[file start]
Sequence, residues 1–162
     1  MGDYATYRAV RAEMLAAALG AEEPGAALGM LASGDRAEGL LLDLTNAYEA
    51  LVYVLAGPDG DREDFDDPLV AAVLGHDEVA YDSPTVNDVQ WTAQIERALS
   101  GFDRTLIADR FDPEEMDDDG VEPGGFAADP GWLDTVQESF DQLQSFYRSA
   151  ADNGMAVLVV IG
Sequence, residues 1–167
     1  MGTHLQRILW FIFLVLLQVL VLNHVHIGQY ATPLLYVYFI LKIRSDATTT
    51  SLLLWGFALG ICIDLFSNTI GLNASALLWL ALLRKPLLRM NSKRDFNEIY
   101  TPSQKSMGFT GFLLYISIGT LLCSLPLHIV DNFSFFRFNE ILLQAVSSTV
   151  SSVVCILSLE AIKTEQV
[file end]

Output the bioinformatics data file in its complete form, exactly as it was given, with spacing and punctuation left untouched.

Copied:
Sequence, residues 1–162
     1  MGDYATYRAV RAEMLAAALG AEEPGAALGM LASGDRAEGL LLDLTNAYEA
    51  LVYVLAGPDG DREDFDDPLV AAVLGHDEVA YDSPTVNDVQ WTAQIERALS
   101  GFDRTLIADR FDPEEMDDDG VEPGGFAADP GWLDTVQESF DQLQSFYRSA
   151  ADNGMAVLVV IG
Sequence, residues 1–167
     1  MGTHLQRILW FIFLVLLQVL VLNHVHIGQY ATPLLYVYFI LKIRSDATTT
    51  SLLLWGFALG ICIDLFSNTI GLNASALLWL ALLRKPLLRM NSKRDFNEIY
   101  TPSQKSMGFT GFLLYISIGT LLCSLPLHIV DNFSFFRFNE ILLQAVSSTV
   151  SSVVCILSLE AIKTEQV